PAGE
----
Automakers are reporting strong May sales, with the Toyota division ending a four-month losing streak, Honda Motor Co. sales soaring, and Hyundai and Kia posting double-digit increases for the tenth consecutive month.
Industry experts speculate rising inventory and incentives, and sharply higher fleet deliveries were the reason behind the upward trends.
“With increased supply comes increased negotiating power for consumers in the market for a new vehicle—as 40% of vehicle listings now reflect a price below MSRP, compared to less than 25% a year ago,” says Matt Trommer, associate director of market reporting at S&P Global Mobility. “While certain models continue to be difficult to find, savvy consumers are better positioned to find a deal now than they have been since the pandemic.”
Sales Reports by Automaker
The breakdown of sales by automaker is as follows. Subaru, Ford Motor Co. and Volvo sales expected by week's end.
- Toyota Corp.’s sales increased by 6.4% to 187,204, driven by a 3.7% increase in the Toyota brand and a notable 25% increase in Lexus sales. Sales of light trucks for the Toyota brand increased by 11%, which helped to counterbalance a 9% drop in car sales. Total sales of Tacoma and Tundra pickups rose 35% to 31,048 units.
- Honda Motor Co. sales increased 58%, buoyed by three core models—Accord, up 81%; Civic, up 98%; and CR-V, up 95%. Honda division rose 53%, while Acura soared 146%. American Honda’s monthly sales increased for the third straight month as inventory shortages due to microchip and shipping issues eased. Honda division sold over 32,000 electrified models in May, setting a monthly record. According to American Honda, Honda had 34,000 vehicles on the ground at the end of the month, up from 12,000 year-over-year, while Acura had about 21,000 cars in stock at the start of June, up from 4,000 a year earlier.
- Hyundai deliveries jumped 18% to 70,001, alongside an 8% increase in retail volume to 64,070. The company reported that 8.5% of total sales in May, or 5,931 vehicles, were delivered to fleet customers. Hyundai’s U.S. inventory of light vehicles stood at 47,671 by the end of May, more than double units in stock in May 2022 but slightly lower than April’s 49,045.
- Kia has one of the industry’s lowest stockpiles but still saw a 23% increase in U.S. sales to 71,497, making it the company’s second-best month ever. The brand had significant gains in four of its core models: Soul, Seltos, Telluride and Carnival.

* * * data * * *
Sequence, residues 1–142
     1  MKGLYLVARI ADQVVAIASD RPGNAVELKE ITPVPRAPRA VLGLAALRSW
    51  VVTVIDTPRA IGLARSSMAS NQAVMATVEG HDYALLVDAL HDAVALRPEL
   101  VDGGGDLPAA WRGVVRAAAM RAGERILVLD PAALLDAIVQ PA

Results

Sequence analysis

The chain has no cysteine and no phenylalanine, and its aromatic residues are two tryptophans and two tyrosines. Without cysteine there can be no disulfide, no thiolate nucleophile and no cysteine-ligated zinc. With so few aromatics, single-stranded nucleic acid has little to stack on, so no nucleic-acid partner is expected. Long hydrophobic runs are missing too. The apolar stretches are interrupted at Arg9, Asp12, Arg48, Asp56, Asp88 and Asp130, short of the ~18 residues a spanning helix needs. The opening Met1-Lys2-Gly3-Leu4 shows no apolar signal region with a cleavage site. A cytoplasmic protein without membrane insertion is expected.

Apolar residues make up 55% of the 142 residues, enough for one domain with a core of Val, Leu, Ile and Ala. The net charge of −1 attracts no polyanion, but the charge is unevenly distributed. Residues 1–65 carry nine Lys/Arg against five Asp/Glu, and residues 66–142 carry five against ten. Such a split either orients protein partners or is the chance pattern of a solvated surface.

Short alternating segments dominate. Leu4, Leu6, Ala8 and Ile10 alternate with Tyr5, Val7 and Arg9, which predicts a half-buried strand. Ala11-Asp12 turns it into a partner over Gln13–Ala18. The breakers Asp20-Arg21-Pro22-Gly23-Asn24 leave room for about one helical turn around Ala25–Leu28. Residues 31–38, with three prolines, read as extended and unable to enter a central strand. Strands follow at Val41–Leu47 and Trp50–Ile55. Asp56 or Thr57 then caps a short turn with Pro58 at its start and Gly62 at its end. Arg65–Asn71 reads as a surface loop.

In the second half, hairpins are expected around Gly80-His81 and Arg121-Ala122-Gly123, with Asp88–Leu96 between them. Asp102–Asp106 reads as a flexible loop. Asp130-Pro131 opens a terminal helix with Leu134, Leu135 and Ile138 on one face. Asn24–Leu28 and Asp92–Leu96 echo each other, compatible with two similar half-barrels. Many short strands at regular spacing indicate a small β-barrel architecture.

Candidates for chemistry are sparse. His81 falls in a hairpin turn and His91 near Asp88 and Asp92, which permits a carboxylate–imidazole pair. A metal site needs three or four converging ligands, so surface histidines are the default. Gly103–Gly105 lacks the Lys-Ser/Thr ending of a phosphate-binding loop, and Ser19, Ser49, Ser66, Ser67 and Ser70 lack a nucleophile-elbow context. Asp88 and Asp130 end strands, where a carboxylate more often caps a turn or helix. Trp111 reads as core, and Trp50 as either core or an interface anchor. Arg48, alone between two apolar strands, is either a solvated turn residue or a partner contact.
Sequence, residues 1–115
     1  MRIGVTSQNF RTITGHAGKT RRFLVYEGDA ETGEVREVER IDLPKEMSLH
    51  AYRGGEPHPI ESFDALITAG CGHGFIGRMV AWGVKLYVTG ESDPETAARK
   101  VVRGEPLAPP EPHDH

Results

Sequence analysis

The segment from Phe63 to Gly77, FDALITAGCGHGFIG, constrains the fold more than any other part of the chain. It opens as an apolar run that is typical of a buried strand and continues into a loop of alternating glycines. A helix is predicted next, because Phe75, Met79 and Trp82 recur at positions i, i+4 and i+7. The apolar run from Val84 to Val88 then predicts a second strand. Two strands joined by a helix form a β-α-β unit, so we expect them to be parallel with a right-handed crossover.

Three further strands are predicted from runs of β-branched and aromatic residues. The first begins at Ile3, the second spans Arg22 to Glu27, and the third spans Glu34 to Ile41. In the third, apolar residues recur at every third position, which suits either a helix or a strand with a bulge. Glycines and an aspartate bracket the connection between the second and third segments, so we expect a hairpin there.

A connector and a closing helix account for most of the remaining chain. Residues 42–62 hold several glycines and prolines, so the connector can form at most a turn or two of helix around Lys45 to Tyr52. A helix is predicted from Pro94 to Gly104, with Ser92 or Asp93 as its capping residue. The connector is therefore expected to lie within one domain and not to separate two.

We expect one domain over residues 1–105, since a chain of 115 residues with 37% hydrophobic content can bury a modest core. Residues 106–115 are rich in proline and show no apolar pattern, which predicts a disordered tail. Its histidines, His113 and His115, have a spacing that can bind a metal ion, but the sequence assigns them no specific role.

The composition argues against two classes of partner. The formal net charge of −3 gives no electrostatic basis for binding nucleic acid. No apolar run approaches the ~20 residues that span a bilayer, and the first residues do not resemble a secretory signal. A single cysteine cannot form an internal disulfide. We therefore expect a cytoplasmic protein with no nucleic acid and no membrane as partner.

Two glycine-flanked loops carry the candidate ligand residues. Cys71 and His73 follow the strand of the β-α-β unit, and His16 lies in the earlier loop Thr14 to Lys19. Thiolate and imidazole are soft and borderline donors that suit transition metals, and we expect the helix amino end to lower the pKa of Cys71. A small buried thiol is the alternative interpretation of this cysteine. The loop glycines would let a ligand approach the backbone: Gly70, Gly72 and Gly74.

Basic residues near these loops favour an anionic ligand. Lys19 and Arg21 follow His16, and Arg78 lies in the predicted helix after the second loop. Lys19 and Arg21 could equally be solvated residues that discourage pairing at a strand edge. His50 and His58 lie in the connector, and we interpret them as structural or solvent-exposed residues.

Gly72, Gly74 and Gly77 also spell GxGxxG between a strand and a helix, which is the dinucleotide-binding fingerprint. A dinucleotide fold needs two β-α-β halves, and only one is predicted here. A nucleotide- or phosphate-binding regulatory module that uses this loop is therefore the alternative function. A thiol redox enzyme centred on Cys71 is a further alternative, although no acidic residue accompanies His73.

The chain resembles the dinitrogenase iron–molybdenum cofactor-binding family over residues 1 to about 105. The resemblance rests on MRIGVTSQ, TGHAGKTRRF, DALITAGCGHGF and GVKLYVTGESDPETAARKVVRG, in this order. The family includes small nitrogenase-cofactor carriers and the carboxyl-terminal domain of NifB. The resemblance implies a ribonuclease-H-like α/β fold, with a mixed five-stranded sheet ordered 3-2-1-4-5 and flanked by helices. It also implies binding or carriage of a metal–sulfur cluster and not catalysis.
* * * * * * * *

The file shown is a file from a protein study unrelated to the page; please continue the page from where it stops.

- Mazda sold 33,262 vehicles, marking the eighth straight month of growth and a 117% increase in volume.
- Genesis sold a record 5,605 vehicles in May, registering a 27% increase in sales, the GV70 and GV80 crossovers and electrified variants of G80 and GV70 contributing the most to the gain. Genesis sales have increased for seven consecutive months.
Forecasts by J.D. Power, LMC Automotive, TrueCar, Cox Automotive and S&P Global Mobility echo what automakers are reporting. The organizations predict U.S. light-vehicle sales will rise 18% to 20% in May.
Consumers are returning to showrooms as selection improves and incentives rise, causing a sharp rebound from 2022’s weakest month. Automakers are also fulfilling a backlog of orders from daily rental companies and commercial users, leading to strong fleet demand. J.D. Power and LMC Automotive estimated fleet sales increased 50% in May year-over-year.
Inventory & Incentives
According to J.D. Power and LMC Automotive predictions, retail inventory is expected to reach 1.3 million in May, an increase of 48% year-over-year. The automakers with the highest inventory levels included: Jeep, Infiniti, Jaguar, Buick, Ram, Chrysler, Dodge, Mini, Lincoln and Audi.
Toyota, Kia, Honda, Lexus, BMW, Subaru, Land Rover, Hyundai, Cadillac and Nissan had the industry’s lowest inventory levels, according to Cox Automotive.
Inventory rebounds and higher interest rates have resulted in increased discounts throughout the industry as automakers seek to alleviate borrowing costs. TrueCar’s estimated incentives averaged $1,931 last month, showing a 64% increase year-over-year and a 13% increase from April. According to TrueCar, Toyota remained the only automaker offering incentives below $1,000 last month because of its lean stockpiles.
TrueCar shares discounts of $3,000 were offered by Stellantis, Daimler and BMW last month, while General Motors, Ford and Volkswagen Group had average incentives of $2,000-plus.
Qualified buyers who financed through GM Financial could get 1.9% financing on certain Chevrolet crossovers and SUVs, with a 90-day payment waiver. Some Stellantis dealerships offered discounts up to $12,000 on the Jeep Grand Wagoneer, reported Automotive News.
Leased car discounts have risen substantially in recent months, according to J.D. Power and LMC Automotive. Leasing may account for 21% of retail sales in May, an increase from a low of 16% in September but still lower than May 2019, when leased vehicles made up nearly 30% of all new-vehicle retail sales.
J.D. Power and LMC Automotive predict the average incentive per new light truck will be $1,698, up 74% year-over-year. The researchers also reported the average spending on cars would hit $1,421, up 66%.
According to J.D. Power and LMC Automotive, new-vehicle retail transaction prices will rise approximately 0.7% to $45,838 in May, but they have been declining since setting a record high of $47,362 in December.
“New-vehicle prices appear as if they are weakening. The average new vehicle listing price is around 5% above last year, but the rate of growth has weakened in recent weeks. It may reflect more discounting offered across the industry. This could increase over the summer,” says Charlie Chesbrough, senior economist at Cox Automotive.
TrueCar estimated the average interest rate for new vehicles in May was 7.1%, which is slightly higher than in April. The average loan term for a new vehicle was around 69 months.